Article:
Smoke tells the story - Western Montana is filling up with area forest fire smoke. Air quality has been getting worse on a daily basis as the fires continue to grow and are joined by new lightning-caused blazes. Stage 2 fire restrictions (campfires prohibited) are becoming the norm.

In Idaho, the Snake River Complex is now over 102,000 acres and is near other large blazes in western Idaho and eastern Washington. The Dixie-Jumbo Fires are over 24,000 acres 60 miles west of the Bitterroot Valley, south of Grangeville, Idaho. At Lolo Pass, the thousand-acre Granite Pass Complex has caused closure of Lolo Pass Hot Springs and speed restrictions on US Highway 12 going over the pass into Idaho. About 30 miles north of Orofino, Idaho, the Cougar Rock Fire is over 3,360 acres in size.

Two new developments east of Missoula. The Anderson Hill Fire in Granite County is at an estimated 1,000 acres Friday, according to the Department of Natural Resources and Conservation. The Bureau of Land Management has closed Garnet Ghost Town and the area around the site, including a large number of trails and forest roads. The fire is growing in Granite, Powell and Missoula Counties. You can get the latest details on that and other fires throughout the USA at Inciweb, which is becoming a "go to" website for many of us.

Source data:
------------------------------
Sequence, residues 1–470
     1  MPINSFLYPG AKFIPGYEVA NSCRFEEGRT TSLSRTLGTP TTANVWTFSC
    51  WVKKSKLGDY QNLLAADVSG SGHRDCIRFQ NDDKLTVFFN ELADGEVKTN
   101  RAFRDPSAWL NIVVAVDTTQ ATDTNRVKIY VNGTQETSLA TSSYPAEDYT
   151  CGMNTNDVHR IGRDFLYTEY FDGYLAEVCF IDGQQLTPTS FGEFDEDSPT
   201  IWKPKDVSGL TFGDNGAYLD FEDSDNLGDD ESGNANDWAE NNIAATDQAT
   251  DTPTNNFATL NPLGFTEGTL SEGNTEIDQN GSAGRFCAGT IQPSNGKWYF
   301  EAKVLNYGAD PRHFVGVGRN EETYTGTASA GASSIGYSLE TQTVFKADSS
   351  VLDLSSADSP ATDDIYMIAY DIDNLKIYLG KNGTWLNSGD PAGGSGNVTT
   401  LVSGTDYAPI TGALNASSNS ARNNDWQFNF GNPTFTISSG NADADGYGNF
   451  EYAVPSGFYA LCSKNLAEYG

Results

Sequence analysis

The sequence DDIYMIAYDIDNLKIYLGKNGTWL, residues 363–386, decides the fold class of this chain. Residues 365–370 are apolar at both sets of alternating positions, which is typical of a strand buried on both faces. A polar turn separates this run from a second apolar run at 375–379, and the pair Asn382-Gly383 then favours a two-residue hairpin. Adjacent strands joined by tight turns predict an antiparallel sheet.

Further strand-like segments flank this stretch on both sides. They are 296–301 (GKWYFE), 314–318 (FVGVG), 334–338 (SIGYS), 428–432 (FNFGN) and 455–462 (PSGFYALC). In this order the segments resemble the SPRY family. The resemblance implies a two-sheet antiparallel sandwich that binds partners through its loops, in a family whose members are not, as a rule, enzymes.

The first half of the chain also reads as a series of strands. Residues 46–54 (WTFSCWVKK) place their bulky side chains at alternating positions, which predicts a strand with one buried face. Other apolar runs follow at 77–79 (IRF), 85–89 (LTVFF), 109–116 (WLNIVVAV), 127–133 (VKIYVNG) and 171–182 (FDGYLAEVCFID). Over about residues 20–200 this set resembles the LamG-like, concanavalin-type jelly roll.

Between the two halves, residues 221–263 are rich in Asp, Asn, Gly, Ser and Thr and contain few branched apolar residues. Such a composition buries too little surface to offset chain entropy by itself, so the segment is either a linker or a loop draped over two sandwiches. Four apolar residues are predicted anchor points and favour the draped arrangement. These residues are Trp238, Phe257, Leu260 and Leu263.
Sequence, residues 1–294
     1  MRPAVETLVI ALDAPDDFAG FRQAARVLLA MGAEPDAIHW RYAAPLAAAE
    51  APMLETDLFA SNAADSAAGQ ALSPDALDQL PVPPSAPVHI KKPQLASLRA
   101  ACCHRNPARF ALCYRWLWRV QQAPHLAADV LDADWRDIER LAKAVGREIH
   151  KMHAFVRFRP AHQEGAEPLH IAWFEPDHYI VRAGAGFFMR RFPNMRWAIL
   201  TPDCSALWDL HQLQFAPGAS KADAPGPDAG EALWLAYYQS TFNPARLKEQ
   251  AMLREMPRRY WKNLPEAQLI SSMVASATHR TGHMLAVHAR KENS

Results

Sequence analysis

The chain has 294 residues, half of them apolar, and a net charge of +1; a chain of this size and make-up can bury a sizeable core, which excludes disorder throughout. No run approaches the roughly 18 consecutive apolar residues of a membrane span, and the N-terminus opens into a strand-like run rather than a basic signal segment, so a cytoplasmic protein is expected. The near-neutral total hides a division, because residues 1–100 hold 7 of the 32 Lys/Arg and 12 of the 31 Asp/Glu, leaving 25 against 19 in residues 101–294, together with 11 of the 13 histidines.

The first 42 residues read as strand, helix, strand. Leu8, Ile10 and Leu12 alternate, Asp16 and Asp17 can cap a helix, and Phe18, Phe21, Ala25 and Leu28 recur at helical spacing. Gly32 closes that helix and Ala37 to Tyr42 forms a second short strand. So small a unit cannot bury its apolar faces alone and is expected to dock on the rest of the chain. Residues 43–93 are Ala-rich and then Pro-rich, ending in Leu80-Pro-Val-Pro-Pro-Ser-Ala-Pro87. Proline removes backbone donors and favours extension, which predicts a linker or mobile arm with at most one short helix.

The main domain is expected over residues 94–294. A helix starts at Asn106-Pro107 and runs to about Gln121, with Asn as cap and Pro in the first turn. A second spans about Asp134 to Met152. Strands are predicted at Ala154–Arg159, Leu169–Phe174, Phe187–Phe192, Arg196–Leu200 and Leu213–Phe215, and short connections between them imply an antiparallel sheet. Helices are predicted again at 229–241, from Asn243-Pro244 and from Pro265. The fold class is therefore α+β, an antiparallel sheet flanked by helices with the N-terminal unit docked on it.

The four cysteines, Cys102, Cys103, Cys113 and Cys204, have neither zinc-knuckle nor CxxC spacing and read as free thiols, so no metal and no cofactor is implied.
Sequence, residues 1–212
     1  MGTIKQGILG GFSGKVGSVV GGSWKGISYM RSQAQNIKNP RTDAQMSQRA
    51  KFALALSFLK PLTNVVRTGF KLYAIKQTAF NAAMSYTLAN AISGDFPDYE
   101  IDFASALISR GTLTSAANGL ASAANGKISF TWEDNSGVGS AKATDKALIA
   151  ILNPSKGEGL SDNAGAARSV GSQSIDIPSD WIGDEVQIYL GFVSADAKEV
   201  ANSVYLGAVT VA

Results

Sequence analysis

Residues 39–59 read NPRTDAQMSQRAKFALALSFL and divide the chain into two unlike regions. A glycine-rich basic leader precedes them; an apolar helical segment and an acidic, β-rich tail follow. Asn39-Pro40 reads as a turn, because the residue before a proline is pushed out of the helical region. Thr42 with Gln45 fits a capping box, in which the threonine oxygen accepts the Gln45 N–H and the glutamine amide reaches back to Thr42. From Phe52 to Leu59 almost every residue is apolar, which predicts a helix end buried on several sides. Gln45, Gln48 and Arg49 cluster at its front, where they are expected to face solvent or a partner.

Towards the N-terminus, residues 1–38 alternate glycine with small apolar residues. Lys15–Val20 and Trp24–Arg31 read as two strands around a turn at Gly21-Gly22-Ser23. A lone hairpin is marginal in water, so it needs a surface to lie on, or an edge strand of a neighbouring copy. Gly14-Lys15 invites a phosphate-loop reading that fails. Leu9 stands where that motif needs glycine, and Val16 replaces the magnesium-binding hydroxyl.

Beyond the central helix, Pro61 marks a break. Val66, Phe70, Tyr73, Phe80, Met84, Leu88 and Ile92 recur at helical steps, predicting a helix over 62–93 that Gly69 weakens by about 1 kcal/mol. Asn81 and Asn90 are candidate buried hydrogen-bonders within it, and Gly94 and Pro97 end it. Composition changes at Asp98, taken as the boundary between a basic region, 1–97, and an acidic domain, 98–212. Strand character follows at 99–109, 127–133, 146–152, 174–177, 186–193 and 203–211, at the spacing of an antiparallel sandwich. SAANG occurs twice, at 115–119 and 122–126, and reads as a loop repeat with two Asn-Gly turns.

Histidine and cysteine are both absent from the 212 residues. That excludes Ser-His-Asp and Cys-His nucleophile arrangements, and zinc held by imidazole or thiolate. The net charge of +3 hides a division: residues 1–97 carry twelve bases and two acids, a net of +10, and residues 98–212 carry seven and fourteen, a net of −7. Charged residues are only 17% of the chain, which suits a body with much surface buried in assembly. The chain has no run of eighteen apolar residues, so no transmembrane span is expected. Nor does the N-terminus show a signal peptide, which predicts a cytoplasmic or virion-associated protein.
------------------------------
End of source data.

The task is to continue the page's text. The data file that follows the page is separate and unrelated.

In the Big Hole, on the Beaverhead-Deerlodge National Forest, the Trail Creek Fire has closed Highway 43 from the Lost Trail Pass turnoff to Wisdom. Firefighters are doing structure protection at the Big Hole National Battlefield. The Trail Creek Fire was at about 10,000 acres Friday and Alder Creek Fire near Wise River was at over 3,400 acres. The Beaverhead-Deerlodge National Forest said that the Goose Fire, about 20 miles from Ennis, is over 4,700 acres.

No campfires are allowed in most of the forest now, with Stage 2 restrictions. For more restriction information check the Montana fire info site. Be safe.

LOOK: The most expensive weather and climate disasters in recent decades

Stacker ranked the most expensive climate disasters by the billions since 1980 by the total cost of all damages, adjusted for inflation, based on 2021 data from the National Oceanic and Atmospheric Administration (NOAA). The list starts with Hurricane Sally, which caused $7.3 billion in damages in 2020, and ends with a devastating 2005 hurricane that caused $170 billion in damage and killed at least 1,833 people. Keep reading to discover the 50 of the most expensive climate disasters in recent decades in the U.S.